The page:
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Final Project Proposal:
Dam Across the Yangtze - Promise or Threat?

Susan Connell
28 February 2003
EDTEC541 Online Spring 2003

Problem, Need, or Opportunity

Beginning in prehistoric times the Yangtze River has been both the primary lifeline and the most destructive force in what is now Central China. For the past century, the Chinese government has considered ways to harness the Yangtze's strength and tame it's devastating power. A decade ago, the government set out to accomplish this goal as they began construction of what will be the world's largest dam when completed in 2009.

It's builders anticipate that the Three Gorges Dam will produce hydroelectric power equivalent to 15 nuclear power plants, dramatically improve navigability for commercial shipping and moderate the river's deadliest floods that have swept away thousands of people, businesses and even entire villages over the years. But as with any undertaking of this magnitude, the project is not without controversy. Critics say that the social, cultural and environmental costs coupled with the potential danger relating to any engineering flaws or miscalculations in the dam's construction far outweigh the benefits

Targeting everyone from students to financiers to social activists, a number of existing web sites present one side or the other of this debate. However, few present both sides evenly to let the viewer decide. The objective of this site is to build an information resource that presents a historical context for this project and provides a balance of reference data both supportive and critical of the endeavor.

Because the Yangtze River is a remote destination for many people who might be interested, use of multimedia gives the site's audience an opportunity to see, hear and feel (in the figurative sense) aspects of the subject to which they might not otherwise have access.


The audience for this site is limited in some respects and broad in others. It is limited because, outside of the Yangtze region, most people are barely aware of its existence. Although hundreds of millions of people - whose lives are being drastically affected by this project - live within the region, their access to information is highly restricted and few of them speak English. This site therefore is primarily directed towards students, teachers, social and environmental activists, tourists and travel professionals and others who may have a general interest in this region. A secondary audience may include researchers and journalists who might find the site a good starting point for exploration of the subject.

Because this site will be a starting point, it is expected that its users will have little familiarity with the subject, however they will tend to be the sorts of people who are intellectually curious and reasonably intelligent.

User's Needs

I queried a number of people who are interested in geopolitical subjects to find out what they would find interesting and useful in a site such as this.

  • They were interested in a historical background
  • They wanted to see a map of the area
  • They wanted to see some sort of before and after renderings
  • They were interested in photos of areas that would be affected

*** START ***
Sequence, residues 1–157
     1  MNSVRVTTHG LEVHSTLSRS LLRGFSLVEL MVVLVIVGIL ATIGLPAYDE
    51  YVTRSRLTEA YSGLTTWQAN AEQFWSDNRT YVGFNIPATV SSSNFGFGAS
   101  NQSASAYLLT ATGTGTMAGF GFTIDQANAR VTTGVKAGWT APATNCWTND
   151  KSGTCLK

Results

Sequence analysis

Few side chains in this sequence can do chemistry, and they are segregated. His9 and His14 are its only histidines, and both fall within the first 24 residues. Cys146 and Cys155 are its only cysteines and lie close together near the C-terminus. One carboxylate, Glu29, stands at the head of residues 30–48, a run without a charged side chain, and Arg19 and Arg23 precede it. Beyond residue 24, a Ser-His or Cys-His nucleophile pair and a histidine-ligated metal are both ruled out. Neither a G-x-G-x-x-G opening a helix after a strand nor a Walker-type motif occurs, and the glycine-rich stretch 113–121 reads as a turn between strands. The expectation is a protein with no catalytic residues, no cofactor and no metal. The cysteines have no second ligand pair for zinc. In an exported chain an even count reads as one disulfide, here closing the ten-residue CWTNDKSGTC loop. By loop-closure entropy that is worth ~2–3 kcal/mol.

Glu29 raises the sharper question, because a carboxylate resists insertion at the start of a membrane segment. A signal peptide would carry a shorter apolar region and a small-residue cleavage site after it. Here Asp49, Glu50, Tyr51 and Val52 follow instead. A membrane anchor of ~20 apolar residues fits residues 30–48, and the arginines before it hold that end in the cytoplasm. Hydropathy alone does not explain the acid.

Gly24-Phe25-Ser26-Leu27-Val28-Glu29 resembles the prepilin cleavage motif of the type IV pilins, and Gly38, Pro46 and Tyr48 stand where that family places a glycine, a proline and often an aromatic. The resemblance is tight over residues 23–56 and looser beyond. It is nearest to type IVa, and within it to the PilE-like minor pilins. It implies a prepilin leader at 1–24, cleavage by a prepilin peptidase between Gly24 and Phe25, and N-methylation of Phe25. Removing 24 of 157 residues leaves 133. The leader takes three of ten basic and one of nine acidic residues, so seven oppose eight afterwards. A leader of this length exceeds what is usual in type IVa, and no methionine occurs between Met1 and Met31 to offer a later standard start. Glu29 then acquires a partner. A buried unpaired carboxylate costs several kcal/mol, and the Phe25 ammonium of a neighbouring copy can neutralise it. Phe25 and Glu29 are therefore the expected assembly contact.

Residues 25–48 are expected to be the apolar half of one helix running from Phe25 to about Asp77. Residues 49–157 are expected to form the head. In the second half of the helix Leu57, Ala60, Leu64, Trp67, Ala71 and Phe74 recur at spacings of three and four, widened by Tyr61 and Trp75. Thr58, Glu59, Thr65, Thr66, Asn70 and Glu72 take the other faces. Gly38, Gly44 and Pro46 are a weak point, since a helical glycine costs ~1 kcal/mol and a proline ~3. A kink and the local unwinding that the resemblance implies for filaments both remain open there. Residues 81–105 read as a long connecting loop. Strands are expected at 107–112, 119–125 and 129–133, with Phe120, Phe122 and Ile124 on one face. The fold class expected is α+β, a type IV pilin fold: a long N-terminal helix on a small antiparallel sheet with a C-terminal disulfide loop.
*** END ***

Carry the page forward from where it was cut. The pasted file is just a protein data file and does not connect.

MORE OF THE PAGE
• They wanted a reference section that had links to more detailed sites about specific aspects of the subject that might include engineering analysis, environmental research, archeological details and similar issues


Users will most likely be accessing this site through their home computer or possibly computers available at a school or library. The site will contain numerous photos and illustrations that will be optimized for web viewing. It will also contain some short videos that may require a plug-in or faster connection, but they will be configured not to interfere with the viewing experience of visitors who have a slow connection. Visitors who wish to print information from the site will require a printer.

Resources and Limitations

I have chosen this topic because I gathered most of the photo and video resources needed during a recent journey up the Yangtze. I may seek permission to use photos that others have taken earlier in the project to show the progress. I believe that I can obtain maps from government public domain sources or from a subscription that I have to a clip art service that allows any use except reselling the graphics to third parties. I plan to do some illustrations and animations myself. I have written a lot of the text already in correspondence to friends about my trip and will generate the rest using the materials that I collected as a reference.

If this site were being done "for real," I would plan to update the contents at least quarterly until the dam is completed, but that is not likely to happen. Due to time limitations, the content will be truncated as necessary to be completed by the deadline.

Because I do not speak Chinese, most of my information will be gathered from sources printed in English, but I obtained many of these in China, so I hope to maintain the balance of information that I am seeking.

General Solution

With this site, users seeking information about the Three Gorges Dam Project will have a foundation for their research as well as an overview of the project to satisfy their curiosity. For the user with a casual interest, it will probably provide more information than they want to know, but it will be presented in such a way that they can easily find the details they seek. For the more serious student or researcher, it will be a starting point with links to many related sites that will provide more comprehensive information about areas of special interest.


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© 2003, Susan Connell, Educational Technology Student at San Diego State University